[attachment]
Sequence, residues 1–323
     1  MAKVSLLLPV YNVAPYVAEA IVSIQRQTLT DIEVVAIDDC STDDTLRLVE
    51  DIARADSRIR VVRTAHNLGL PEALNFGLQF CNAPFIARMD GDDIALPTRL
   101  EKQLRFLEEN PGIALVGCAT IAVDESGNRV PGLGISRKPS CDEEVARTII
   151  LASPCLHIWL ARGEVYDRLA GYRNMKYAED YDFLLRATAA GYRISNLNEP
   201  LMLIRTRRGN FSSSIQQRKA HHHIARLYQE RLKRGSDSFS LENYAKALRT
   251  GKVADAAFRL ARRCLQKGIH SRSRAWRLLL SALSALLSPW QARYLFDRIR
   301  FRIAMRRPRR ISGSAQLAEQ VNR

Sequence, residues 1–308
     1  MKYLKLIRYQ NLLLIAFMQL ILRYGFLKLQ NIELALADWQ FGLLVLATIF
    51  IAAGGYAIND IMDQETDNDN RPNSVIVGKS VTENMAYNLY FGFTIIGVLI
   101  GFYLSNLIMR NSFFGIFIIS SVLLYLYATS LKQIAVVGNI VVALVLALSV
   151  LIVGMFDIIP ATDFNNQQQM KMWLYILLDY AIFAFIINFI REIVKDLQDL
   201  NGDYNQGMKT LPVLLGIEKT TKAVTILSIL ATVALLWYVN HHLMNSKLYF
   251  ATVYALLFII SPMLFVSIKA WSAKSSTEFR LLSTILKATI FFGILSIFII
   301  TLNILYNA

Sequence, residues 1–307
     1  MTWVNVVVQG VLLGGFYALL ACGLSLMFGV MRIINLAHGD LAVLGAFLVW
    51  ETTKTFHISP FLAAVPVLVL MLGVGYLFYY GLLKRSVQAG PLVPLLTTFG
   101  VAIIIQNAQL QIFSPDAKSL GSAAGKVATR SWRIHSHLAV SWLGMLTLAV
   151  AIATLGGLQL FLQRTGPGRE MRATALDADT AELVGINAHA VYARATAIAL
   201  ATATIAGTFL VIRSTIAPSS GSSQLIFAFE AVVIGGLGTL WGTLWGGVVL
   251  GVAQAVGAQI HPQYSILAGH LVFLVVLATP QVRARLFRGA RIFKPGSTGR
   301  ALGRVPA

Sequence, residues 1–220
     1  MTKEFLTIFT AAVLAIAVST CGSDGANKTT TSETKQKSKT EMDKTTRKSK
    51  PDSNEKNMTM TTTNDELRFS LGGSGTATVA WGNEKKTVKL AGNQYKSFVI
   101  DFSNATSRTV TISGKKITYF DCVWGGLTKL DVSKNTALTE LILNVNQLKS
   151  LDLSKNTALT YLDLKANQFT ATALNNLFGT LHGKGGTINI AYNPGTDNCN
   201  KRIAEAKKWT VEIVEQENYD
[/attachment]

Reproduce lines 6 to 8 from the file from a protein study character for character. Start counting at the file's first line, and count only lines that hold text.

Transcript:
   201  LMLIRTRRGN FSSSIQQRKA HHHIARLYQE RLKRGSDSFS LENYAKALRT
   251  GKVADAAFRL ARRCLQKGIH SRSRAWRLLL SALSALLSPW QARYLFDRIR
   301  FRIAMRRPRR ISGSAQLAEQ VNR